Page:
Inner critic: The writer’s gremlin


So the novel is coming along… 77,500 words, maybe 5k to go… possibly longer. I’m happy enough with it but something keeps nipping at my better judgment. What I mean by this is that bloody voice in my head telling me what I’m writing is complete and utter rubbish. The snide belligerent inner critic.

As I write this I’m thinking of what I wrote last night. As the words run through my mind I constantly tell myself its rubbish, not worth the effort getting it out there to the masses. Now contrast to this is when someone tells me they read one of my short stories or a blog post and they actually liked it. This should by definition kick the inner critics ass but it doesn’t. The inner critic knows some awesome kind of ninja and wears the compliment like it’s nobodies business. It’s really annoying.

What I’ll say next may resonate with some writers but may have others heckle and call me crazy but here it goes… I hate reading my own work. It irks me terribly to reread what I’ve written even if the reason is to edit and improve my work. Now I do, as should all writers, edit and rewrite but it takes a lot of effort to have me open each scrivener file, read, edit, repeat. This doesn’t make sense to me.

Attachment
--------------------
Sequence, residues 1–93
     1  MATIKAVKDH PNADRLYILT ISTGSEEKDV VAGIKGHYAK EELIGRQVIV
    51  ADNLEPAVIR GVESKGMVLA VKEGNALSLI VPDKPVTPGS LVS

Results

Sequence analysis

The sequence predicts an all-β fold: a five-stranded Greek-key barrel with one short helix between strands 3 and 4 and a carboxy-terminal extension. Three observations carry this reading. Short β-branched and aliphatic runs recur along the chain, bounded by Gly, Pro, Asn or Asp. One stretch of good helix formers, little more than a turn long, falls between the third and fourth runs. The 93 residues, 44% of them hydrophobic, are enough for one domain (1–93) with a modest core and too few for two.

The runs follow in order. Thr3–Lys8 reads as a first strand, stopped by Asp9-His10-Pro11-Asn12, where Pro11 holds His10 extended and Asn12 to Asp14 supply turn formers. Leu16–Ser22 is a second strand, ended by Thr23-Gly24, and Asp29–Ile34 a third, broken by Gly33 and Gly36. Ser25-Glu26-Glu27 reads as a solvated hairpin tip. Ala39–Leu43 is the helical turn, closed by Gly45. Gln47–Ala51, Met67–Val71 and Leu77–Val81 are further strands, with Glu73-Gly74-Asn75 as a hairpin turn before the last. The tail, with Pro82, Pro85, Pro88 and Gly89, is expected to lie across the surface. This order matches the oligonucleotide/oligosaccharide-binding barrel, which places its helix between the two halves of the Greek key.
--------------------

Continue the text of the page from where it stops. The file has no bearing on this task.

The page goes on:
When I try and dissect why this is, I come up with one theory. It’s the artist versus the businessman. I feel this theory translates to all writers whether they be in the self publishing world or traditional publishing world.

One side of me sits the artist. I create a piece of prose based on what I want to say. My thoughts, emotions and want to create sit snugly with the artist inside of me. Writing is art and not just convoluted novels of pain and woe but I believe all writing has an artistic side to it. We try to understand the human condition and the myriad of complexities in life through words. Short stories may look at one or two topics while novels may look at several. Every piece of fiction can be assigned to a real life example, the possible inspiration for it’s creation or maybe the piece of fiction stumbled upon the topic unknowingly. Either way it has tried to understand it through it’s own flavor of art. Writing.